The issue of personal responsibility for health and weight control comes up frequently in my professional circles, generating strong and opposing views. I have addressed this theme recently -- and many times in the past -- and expressed my own opinions.
February is American Heart Month, which makes this a good time to talk about the ways the Affordable Care Act helps us take better care of our hearts. Right now, heart disease is the leading cause of death in the United States.
Of all of the myths about cancer, I believe one of the most harmful misconceptions today is that cancer is a disease exclusive to wealthy, or developed, countries such as the United States.
BVO is much in the news of late. This is the ingredient a teenage girl noticed in her Gatorade, prompting her to find out what it was. Her investigation revealed potential health risks associated with BVO, and she started an online petition to get this ingredient out of her sports drink.
In the scientific world, we live by the tenet "association does not assume causation." That is, just because two things happen to be related, does not mean that one caused the other.
I see personal genomics more generally evolving rapidly to become a major part of everyday life for Americans and around the globe. At the same time, potential problems associated with it will continue to emerge in parallel and merit serious evaluation.
The magazine ScienceNews begins a recent article on depression with a blanket judgment: "A massive effort to uncover genes involved in depression has largely failed." A general reader would probably not feel the shock waves that spread from this assessment.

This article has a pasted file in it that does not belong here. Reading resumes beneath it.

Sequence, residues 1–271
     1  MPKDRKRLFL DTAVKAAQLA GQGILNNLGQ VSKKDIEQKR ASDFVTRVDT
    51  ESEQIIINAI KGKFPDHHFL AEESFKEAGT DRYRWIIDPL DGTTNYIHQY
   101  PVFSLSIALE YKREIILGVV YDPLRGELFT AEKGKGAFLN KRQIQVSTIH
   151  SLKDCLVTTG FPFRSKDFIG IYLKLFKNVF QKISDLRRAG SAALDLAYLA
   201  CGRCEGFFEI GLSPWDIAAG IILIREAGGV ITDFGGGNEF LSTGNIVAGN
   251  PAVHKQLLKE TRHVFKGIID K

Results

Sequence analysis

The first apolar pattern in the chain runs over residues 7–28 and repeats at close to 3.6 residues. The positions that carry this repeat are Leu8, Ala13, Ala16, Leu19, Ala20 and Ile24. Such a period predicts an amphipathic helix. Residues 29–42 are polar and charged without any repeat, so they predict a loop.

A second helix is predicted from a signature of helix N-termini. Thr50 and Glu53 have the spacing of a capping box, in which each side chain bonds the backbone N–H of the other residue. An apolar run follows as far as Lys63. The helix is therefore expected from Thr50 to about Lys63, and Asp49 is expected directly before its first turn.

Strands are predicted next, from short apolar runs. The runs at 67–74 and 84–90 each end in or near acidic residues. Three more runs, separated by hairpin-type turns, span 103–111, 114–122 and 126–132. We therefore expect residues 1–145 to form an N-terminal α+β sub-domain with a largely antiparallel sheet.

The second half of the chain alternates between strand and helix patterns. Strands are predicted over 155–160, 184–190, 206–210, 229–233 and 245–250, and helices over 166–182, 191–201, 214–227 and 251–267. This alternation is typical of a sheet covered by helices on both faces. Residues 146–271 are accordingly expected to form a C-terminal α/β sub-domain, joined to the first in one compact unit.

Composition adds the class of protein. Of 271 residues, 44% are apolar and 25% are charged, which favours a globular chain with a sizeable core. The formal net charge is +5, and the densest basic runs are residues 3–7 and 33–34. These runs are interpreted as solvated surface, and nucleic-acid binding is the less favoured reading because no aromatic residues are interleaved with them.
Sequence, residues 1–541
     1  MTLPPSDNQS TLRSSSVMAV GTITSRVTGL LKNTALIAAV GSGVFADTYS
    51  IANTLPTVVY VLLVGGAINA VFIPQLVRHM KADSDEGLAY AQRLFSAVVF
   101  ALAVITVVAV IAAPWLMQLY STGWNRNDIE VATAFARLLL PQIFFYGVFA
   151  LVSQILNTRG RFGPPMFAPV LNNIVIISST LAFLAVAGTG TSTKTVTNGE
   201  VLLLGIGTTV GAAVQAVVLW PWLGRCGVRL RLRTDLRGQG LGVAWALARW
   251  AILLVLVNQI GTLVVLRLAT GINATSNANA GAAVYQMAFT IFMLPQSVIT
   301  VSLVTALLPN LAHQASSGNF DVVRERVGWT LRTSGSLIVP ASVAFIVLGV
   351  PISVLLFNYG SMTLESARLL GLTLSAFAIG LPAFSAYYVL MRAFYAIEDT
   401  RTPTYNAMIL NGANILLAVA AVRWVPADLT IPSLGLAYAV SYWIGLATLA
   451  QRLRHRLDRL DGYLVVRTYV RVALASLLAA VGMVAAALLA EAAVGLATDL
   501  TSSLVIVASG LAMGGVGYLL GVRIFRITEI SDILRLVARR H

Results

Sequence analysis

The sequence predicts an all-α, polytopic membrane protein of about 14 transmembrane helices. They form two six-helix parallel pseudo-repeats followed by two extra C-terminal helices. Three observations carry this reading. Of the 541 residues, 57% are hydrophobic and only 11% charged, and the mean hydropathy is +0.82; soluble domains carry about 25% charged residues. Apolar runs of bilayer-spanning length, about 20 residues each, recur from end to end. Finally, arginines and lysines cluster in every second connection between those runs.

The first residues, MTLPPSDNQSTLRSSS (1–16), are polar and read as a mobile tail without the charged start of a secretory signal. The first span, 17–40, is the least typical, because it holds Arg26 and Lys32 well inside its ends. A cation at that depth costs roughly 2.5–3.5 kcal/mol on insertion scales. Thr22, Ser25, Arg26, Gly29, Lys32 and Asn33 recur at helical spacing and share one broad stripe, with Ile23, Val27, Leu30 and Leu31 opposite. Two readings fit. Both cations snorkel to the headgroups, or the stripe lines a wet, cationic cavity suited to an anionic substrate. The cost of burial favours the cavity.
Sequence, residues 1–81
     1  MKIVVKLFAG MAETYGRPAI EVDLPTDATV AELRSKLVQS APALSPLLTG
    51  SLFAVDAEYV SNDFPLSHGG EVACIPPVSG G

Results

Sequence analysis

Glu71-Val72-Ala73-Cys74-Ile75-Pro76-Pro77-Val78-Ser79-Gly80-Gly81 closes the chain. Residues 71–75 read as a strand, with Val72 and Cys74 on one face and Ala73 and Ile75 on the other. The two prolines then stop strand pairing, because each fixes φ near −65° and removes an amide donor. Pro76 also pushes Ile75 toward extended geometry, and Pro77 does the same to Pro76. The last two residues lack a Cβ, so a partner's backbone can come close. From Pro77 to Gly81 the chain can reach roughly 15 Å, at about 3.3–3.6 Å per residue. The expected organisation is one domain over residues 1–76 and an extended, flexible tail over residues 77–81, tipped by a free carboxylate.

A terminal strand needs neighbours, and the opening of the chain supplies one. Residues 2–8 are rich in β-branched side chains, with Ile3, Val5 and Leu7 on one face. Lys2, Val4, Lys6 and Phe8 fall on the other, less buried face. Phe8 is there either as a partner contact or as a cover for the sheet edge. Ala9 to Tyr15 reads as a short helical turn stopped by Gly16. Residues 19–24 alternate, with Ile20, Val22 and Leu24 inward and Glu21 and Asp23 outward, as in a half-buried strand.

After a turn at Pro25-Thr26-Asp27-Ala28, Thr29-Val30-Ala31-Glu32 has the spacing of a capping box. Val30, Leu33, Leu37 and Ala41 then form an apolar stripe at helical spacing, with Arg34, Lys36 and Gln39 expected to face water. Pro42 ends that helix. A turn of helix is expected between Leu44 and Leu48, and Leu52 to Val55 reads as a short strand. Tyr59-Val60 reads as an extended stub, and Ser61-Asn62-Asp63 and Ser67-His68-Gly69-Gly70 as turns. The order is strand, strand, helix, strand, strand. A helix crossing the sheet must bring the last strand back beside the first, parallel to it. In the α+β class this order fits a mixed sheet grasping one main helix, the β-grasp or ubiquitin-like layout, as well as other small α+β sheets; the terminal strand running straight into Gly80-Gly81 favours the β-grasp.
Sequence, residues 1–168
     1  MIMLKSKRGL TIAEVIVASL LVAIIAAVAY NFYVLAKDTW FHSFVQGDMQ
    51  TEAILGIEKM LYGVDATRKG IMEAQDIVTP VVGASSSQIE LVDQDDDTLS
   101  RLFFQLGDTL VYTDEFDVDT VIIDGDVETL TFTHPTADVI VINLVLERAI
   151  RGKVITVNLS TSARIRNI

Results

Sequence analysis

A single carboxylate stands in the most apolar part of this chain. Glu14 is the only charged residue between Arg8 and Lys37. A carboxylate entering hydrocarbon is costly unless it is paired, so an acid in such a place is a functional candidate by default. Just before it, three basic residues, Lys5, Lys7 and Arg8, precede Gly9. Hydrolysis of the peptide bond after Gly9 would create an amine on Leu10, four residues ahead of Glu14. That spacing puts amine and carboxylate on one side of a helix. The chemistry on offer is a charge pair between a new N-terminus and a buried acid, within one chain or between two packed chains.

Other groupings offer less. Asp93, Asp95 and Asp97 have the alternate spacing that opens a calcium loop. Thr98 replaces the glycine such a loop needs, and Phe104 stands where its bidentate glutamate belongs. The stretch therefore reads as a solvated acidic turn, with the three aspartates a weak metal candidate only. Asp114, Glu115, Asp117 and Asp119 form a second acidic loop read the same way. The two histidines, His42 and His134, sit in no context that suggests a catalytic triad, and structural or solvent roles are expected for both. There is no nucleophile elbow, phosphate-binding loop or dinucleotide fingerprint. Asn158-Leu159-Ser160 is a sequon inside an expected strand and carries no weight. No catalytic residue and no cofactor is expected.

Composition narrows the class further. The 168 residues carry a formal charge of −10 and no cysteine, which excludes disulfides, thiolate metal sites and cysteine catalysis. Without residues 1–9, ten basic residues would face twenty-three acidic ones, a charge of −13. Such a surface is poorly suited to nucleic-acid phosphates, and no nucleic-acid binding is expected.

Loneliness weakens the immune system, increases sensitivity to physical pain, and creates depression and fatigue. Moreover, it can generate inflammation throughout the body, leading to a range of health risks.
I like funerals. I don't like them for the sadness or for the realization that we have lost someone we love. And I suspect that I won't like my own f...
We've seen evidence that vitamin D deficiency is associated with sleep problems, particularly with daytime sleepiness. A new study examined the link between daytime sleepiness and vitamin D, and also considered one of the major risk factors of vitamin D deficiency: skin pigmentation.
As evidence mounts that innovations such as smart devices can improve the health and care of an individual, more resources must be focused on their development and integration into the health care system.
As a society, we should try to maximize the happiness of children, purely for ethical and altruistic reasons and not because it makes them better earners.
The Duke Healthy Lifestyle program includes talking to children -- mostly adolescents -- and their families about healthy eating, and providing them with a fitness routine at a local gym. A program for the entire family to do together.
What happens to women when we do not embrace our own duality? Where does the dark side go if we aren't allowed, by society -- or worse, by ourselves -- to express it?
I share my colleagues' visceral opposition to everything Coke. But I think we may be letting our abdominal viscera get the better of vital organs situated higher up.
Opportunities are being missed, and time and money are being wasted. We all know people who are struggling with cancer and the intense challenges of the current treatment protocols. The needs are urgent and the time to act is now.
The headlines this time of year usually tell us how to shed pounds fast and get healthy with a pill, a gadget, or a procedure. This year, however, the message has been slightly different.
For decades many scientists have believed that "the dose makes the poison" -- a chemical may be harmless in small amounts but devastating in higher amounts. But this latest research demonstrates that endocrine-disrupting chemicals act differently than other substances.
Biceps curls are a staple in many men's workout routines. They also happen to be a staple of ridicule in the training world. But I think we might be rushing to judgment by convicting the curl -- which, as it turns out, might be a great core exercise!
Lance now has the opportunity to become a powerful advocate for change. For all his faults, he has been a tremendous leader in the fight against cancer. He's not a despicable person and I'd love to see him channel his positive energy into a new cause.